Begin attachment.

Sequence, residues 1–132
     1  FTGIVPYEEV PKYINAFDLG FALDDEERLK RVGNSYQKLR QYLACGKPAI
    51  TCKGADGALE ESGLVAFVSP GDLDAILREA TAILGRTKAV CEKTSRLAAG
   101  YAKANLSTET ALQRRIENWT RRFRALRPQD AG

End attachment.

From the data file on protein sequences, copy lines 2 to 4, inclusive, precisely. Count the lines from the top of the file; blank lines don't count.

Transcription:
     1  FTGIVPYEEV PKYINAFDLG FALDDEERLK RVGNSYQKLR QYLACGKPAI
    51  TCKGADGALE ESGLVAFVSP GDLDAILREA TAILGRTKAV CEKTSRLAAG
   101  YAKANLSTET ALQRRIENWT RRFRALRPQD AG